If they ask for advice, you can offer it but make sure you are giving the advice that’s best for them and not what *you* want for them. This can be difficult, so be very mindful and very thoughtful about it. We’ll touch in this a bit more in-depth in a later point on this list, but basically, if you really liked or disliked their ex, that could influence your advice but it’s not your life, you’re not the one dating that person.
Of course, this point will change if the ex is abusive, or otherwise a bad partner that they need to get away from. But if you just don’t like them on a personal level, it can be a bit manipulative if you give them advice to steer them towards what you want for them, rather than helping them discover what they want for themselves.
Validate How They’re Feeling
If you’re a bit older, and you know a teenager who is losing their mind because their 3 month relationship ended, it could be your natural instinct to just roll your eyes and tell them to grow up and get over it…
But it’s not always that easy. You have to try to think about how you felt at that age, and if this isn’t something that would have bothered you, it can be hard to relate with what they’re going through.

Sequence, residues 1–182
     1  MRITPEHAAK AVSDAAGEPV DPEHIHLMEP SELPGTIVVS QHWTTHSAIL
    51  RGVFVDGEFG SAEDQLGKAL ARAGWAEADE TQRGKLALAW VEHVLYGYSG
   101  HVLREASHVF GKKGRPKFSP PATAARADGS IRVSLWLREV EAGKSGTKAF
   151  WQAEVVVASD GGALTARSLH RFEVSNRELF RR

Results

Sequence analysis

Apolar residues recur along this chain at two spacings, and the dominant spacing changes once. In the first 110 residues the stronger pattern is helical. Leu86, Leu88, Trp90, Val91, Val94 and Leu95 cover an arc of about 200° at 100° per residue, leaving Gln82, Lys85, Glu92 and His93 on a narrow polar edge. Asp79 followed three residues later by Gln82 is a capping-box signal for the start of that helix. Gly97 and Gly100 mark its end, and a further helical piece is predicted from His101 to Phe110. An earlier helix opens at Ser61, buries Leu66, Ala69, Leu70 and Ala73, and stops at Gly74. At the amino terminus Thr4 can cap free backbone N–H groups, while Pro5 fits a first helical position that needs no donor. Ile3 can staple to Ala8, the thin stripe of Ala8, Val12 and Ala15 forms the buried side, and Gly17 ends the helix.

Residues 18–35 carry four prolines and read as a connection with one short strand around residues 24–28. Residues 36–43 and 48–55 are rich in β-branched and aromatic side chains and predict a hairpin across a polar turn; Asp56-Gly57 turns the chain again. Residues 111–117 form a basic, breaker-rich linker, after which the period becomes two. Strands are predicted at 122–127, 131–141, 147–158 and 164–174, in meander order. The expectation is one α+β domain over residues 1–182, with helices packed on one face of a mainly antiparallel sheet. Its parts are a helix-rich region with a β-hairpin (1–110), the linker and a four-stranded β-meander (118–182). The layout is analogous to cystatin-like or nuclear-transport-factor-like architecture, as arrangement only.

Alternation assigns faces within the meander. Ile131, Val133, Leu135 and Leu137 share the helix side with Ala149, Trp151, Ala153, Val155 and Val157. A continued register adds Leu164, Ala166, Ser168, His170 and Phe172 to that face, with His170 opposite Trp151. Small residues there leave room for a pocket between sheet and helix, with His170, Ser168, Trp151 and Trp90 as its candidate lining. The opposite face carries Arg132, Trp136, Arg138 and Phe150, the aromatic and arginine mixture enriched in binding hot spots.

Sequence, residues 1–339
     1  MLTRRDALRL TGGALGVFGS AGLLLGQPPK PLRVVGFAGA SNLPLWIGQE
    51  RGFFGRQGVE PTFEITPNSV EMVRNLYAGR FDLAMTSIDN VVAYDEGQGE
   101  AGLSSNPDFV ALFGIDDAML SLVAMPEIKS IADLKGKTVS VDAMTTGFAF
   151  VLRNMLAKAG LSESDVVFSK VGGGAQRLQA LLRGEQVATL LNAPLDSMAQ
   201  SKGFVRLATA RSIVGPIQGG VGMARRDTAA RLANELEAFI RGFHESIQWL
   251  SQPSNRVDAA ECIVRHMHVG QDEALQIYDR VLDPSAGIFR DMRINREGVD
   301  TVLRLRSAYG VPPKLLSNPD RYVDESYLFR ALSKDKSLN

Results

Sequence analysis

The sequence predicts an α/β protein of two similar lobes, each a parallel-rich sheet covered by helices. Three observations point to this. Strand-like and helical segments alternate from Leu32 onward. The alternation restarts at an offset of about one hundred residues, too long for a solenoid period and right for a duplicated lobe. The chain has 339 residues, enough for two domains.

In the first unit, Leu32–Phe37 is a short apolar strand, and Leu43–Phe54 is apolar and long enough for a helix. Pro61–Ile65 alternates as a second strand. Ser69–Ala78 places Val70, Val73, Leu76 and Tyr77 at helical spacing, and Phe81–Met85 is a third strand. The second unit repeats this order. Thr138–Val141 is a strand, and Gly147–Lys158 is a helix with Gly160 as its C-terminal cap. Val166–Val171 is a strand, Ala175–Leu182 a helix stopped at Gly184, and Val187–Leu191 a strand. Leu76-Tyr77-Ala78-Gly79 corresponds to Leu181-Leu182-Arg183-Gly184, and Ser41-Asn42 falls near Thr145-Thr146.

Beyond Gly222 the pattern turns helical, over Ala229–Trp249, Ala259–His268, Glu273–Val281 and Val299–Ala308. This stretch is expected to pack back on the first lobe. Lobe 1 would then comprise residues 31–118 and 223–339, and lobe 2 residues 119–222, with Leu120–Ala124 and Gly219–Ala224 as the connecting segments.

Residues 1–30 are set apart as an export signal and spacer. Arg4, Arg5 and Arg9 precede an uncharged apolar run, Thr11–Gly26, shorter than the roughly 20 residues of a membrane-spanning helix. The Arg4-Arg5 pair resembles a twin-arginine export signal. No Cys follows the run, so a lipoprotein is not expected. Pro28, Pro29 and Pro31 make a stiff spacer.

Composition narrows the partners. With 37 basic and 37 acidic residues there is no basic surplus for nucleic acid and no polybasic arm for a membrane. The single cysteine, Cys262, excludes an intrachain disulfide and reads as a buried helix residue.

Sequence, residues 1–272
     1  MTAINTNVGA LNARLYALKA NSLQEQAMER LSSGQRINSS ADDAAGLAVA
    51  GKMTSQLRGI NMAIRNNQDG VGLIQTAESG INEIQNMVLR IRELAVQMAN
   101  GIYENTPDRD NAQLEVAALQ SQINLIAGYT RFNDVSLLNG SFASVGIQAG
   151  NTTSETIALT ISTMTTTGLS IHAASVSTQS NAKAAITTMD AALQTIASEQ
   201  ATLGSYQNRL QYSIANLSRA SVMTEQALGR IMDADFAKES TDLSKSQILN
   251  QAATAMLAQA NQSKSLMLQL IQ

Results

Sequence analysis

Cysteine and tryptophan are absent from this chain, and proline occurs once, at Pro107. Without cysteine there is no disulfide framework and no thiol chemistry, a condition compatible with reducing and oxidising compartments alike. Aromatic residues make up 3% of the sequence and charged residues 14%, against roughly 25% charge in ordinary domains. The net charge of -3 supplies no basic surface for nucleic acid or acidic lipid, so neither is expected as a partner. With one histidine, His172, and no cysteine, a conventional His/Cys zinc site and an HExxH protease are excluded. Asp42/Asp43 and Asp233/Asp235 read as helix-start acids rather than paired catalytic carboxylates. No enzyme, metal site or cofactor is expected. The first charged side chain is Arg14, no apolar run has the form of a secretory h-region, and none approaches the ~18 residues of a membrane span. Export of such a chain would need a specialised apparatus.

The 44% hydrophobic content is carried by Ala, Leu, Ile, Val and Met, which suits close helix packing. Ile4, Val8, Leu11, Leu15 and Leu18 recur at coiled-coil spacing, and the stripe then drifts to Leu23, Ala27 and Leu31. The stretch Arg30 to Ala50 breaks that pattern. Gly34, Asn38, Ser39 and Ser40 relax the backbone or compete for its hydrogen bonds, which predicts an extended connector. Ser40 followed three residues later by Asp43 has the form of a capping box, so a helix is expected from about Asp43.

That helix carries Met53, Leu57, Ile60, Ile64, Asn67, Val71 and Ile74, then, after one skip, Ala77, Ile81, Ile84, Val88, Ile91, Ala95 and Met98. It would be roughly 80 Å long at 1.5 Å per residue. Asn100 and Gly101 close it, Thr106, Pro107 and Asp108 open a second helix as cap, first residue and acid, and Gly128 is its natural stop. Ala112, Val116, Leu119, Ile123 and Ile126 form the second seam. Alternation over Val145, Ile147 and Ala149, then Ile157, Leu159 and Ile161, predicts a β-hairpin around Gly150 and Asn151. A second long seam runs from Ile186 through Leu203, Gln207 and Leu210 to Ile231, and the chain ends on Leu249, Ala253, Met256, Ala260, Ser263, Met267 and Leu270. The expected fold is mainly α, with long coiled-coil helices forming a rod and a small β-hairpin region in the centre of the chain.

There’s a balance between validating their feelings and letting them know that what they’re feeling is okay, while also not feeding into the idea that this is the worst thing that will ever happen to them.
It’s not your job to rescue a teenager from how they are feeling. This is part of growing up, and learning to deal with this now is better than later on.
Give Them Room to Sit With Their Feelings
As a continuation of validating their feelings, you can also give them room to sit in their feelings by realizing that they may not be at 100% for a little while. Keeping this in mind when you interact with them, even if they seem fine at the time, is a really good way to avoid pressing on the injury.
Imagine you have a sore arm, and you’re able to more or less still get through your day, and if someone were to grab you by the arm and squeeze, it would hurt a lot more than usual.
In this case, if you start to pile on other things or nag them over unimportant things or just generally needle them with stuff, even if it’s unrelated to the breakup, that can make things a lot harder.
There’s a reasonable amount of time to let them sit with their feelings and slowly get over it, where you can act with a bit more compassion and understanding, but there’s also a point where they need to get on with their lives and a teenage breakup isn’t an excuse to avoid normal life stuff for the rest of time, either.
Support Their Choice